Connected devices are everywhere and will soon also be implanted in our bodies.
This poses an enormous security challenge. Joe and I discuss the open problems and some partial solutions, including where there are opportunities for new entrepreneurs.
Sramana Mitra: Let’s start by introducing our audience to yourself and to Armis.
Joe Lea: I’m currently Vice President of Product at Armis. I held numerous technical and executive roles throughout my career. Most recently before Armis, I was serving as the Head of Product at a company called Tanium where I built the team and the operating model that spawned a fairly broad portfolio of offerings between the fields of security and systems management.
At the beginning of my career, I attained a PhD in Cognitive Science, which has informed my perspective on technology over the years and led to some early patents that I was awarded with. My passion is around building amazing products and scaling technology companies. I was a fairly early employee at Tanium and that business has built up very significantly over the last four years.
I like to scale companies by surrounding myself with some of the best and brightest minds and talented folks who are relentlessly challenging the status quo. I’m happy to be a part of this article and speak about ideas around new and innovative new cases, scenarios, and challenges within the industry, and what entrepreneurs can do to start to identify those and tackle them. Over the last 24 months, some of the reasons why I jumped over to Armis was the numerous executive level conversations I’ve had with security leaders within large enterprises.
Over that time, I have fielded more and more questions about how to bring visibility and control to all the things that are crossing up in enterprise environments – namely those devices that make up what is commonly referred to as the Internet of Things. Conventional IT is a daunting task. With the proliferation of unmanaged devices, the gaps and visibility are troublesome. At the same time, I’ve been getting more and more of these requests. I’ve directly seen this growing realization among large enterprises.
These devices, both on and off the corporate network, are posing real security threats. I hate to be a fear monger in this space, but I think everyone is starting to understand the potential for mischief among the devices that are coming onto the networks. Nothing is more exciting to a product-minded person than a pervasive problem with an increasingly urgent need for a solution. That’s what led me to Armis.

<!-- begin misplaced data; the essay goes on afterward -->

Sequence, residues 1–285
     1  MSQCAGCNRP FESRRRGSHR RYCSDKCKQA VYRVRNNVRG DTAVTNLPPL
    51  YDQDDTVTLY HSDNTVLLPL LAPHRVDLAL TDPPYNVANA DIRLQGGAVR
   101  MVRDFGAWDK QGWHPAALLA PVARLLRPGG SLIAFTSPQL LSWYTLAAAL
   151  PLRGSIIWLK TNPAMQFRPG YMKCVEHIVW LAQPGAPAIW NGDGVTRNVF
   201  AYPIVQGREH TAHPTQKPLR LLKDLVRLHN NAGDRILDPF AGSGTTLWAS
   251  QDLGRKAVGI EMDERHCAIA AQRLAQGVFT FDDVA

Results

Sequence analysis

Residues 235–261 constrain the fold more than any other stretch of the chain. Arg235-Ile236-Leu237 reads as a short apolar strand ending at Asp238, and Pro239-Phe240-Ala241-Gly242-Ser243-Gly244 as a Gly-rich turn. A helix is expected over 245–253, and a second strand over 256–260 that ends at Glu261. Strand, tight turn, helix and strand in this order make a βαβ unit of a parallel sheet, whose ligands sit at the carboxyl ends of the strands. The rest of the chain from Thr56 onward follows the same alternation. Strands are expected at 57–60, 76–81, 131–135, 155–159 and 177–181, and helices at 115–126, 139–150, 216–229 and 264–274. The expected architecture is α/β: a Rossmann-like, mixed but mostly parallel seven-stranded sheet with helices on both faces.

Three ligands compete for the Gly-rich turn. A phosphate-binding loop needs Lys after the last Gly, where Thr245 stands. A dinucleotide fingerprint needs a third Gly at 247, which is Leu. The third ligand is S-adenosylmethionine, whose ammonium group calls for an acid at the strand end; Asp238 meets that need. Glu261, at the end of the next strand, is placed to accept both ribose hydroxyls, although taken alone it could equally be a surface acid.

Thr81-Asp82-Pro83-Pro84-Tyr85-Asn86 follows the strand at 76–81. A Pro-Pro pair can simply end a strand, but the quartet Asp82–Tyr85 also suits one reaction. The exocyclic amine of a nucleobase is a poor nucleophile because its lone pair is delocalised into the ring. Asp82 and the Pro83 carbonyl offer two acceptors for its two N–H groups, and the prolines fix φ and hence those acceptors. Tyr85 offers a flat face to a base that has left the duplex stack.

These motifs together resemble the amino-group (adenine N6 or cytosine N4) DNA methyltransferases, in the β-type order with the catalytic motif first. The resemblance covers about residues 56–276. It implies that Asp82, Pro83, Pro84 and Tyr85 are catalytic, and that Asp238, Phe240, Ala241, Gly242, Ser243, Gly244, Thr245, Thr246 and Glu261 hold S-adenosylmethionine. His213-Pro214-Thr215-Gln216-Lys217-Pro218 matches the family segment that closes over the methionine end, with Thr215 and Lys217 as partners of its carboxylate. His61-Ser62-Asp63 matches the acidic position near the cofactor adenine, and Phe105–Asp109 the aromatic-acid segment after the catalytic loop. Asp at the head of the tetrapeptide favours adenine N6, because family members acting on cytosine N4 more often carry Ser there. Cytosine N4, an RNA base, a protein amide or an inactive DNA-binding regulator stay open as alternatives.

What makes it more attractive is, until recently, the legacy vendors weren’t paying attention to this space. It was an increasingly pervasive problem that was going unrecognized. Some of that is the laziness of large software vendors where they apply themselves to a particular technical approach in a problem and try to continue to get as much out of the current technical approach that they have, rather than going back to the white board and thinking about how to re-architect and re-approach a problem in a way that solves the problem better.
Discovery and inventory solutions on the market today are simply not delivering on their promises in that space. Most of those solutions rely on antiquated architectures that don’t scale their various network access control solutions that are still cumbersome. They’re rendered ineffective when trying to solve the problem of how to deal with IoT and new devices. There are others out there that naively turn a blind eye to the devices.
Once they’re identified and granted network access, they’re just ignored. Then there’s this swarm of software agents that have been unleashed within enterprises in the name of security and systems management. Those are crippling servers. That approach is completely unviable within the space of the types of devices that we’re talking about.